The Matildas’ lasting queer legacy: Green, gold and gay
By: Rach Mellerick
I grew up in Melbourne’s outer-northern suburbs and attended a local Christian school. While this upbringing was full of opportunity, I never saw a pivotal part of myself reflected in the people around me.
I had no queer role models until I was old enough to seek them out myself. Even then, they were often YouTubers from the faraway land of America.
This was until I found the Matildas. I was 16 years old, wildly unpatriotic and largely uninterested in sport.
I couldn’t quite grasp why I was suddenly so infatuated with our national women’s football team – having grown up in a strictly AFL family, and never showing any interest in soccer.
The queer-shaped penny dropped a short while later.
This year, the Matildas competed in the FIFA Women’s World Cup, which took place in Australia and Aotearoa for the very first time.
Matildas fever caught on early in their campaign. Stadiums were selling out across the continent, starting with the opening match on 20 July. As the Matildas progressed through the World Cup, so did their record-breaking reach.
The semi-final, which pitted the Matildas against England, was the most watched TV event in Australian history, garnering 11.15 million viewers.
Historically, women’s sports have struggled to gain support, due to a lack of funding and resources, and the general patriarchal structures that be.
Just eight years ago, each Matildas player received a whopping $750 for making it to the quarter finals of the 2015 FIFA Women’s World Cup. Fast forward to this year, the support and viewership has been unprecedented.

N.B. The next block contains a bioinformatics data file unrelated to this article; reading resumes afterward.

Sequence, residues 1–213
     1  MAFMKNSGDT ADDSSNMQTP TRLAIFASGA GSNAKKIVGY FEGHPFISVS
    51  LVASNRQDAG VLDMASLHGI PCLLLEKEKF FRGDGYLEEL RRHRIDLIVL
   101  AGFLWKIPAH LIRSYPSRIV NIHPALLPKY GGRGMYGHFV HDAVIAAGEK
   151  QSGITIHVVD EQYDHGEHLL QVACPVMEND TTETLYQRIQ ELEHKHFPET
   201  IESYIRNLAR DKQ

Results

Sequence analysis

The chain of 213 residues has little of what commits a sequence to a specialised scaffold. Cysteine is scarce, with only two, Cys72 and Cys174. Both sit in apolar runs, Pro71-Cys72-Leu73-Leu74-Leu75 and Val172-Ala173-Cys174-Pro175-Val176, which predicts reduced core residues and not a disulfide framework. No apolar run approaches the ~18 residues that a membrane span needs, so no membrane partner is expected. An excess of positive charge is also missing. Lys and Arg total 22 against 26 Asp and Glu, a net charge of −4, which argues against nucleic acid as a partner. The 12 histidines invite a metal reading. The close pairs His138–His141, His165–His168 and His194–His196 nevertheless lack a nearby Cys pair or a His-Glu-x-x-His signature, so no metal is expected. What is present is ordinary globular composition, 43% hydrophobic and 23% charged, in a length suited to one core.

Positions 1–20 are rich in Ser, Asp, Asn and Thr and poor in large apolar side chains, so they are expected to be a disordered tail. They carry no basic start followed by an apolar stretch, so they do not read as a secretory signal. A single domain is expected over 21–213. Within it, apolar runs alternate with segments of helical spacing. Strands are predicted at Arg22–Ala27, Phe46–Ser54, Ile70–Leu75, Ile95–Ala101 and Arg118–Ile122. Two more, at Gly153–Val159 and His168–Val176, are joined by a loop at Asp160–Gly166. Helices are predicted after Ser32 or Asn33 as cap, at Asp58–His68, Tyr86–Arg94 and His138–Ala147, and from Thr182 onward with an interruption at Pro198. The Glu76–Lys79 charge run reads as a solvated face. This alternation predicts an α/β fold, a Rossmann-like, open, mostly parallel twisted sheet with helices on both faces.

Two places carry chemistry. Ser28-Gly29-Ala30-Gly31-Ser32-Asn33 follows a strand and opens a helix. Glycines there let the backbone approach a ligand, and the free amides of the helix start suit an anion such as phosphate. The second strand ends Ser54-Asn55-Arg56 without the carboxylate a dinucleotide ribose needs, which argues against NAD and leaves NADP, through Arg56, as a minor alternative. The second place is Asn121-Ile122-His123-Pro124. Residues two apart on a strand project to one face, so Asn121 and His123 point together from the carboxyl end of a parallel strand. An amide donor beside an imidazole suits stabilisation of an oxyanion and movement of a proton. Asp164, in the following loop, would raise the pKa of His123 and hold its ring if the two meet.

So, how is it that our Matildas were able to grab the public’s attention?
Firstly, Australia has never seen a World Cup on home soil. Hosting the tournament inevitably boosts its accessibility and visibility; fans can attend or watch it on TV at a reasonable time.
On top of this, Australia was understandably excited to watch a national sporting team see such success.
But is there more to it?
When it comes to Aussie Rules, the lack of open discussions about queerness in men’s AFL undoubtedly speaks to the culture surrounding the sport. This culture is present in media reporting, fan behaviour and the game at a grassroots level.
For example, a 2019 study from Stand Up Events found that a staggering 73% of male teenage Aussie Rules players reported hearing their teammates use homophobic slurs over a month-long period.
Gill McLachlan, AFL CEO confirmed in April that there were several gay AFL players out to their teams. He suggested that they likely didn’t want to carry the “burden” that would come with being the “first” player to come out to the media.
In other professional Australian sports, it’s constantly felt like one step forward and one step back.
In 2019, Rugby player Israel Folau made horrific homophobic statements that saw his Wallabies contract end. In 2021, Joshua Cavallo became Australia’s first (and only) professional male soccer player to come out, attracting both support and vile homophobia online.
In 2022, seven Manly Sea Eagles players opted out of a game to avoid wearing their club’s inaugural pride jersey. That same year, basketballer Isaac Humphries became the NBL’s first openly gay player.
We have seen progress over the development of the very queer AFLW, as well as some respected former players speaking in support of LGBTQ+ players, and through the introduction of pride rounds in the men’s game. However, open discussions about queerness on the elite Australian sporting stage still feels like somewhat of an anomaly.
But then, this year, the public turned their eyes to the Matildas.
The Matildas were unofficially named the gayest team of the 32 teams who participated in the FIFA Women’s World Cup: 13 of the 23-player squad are openly queer.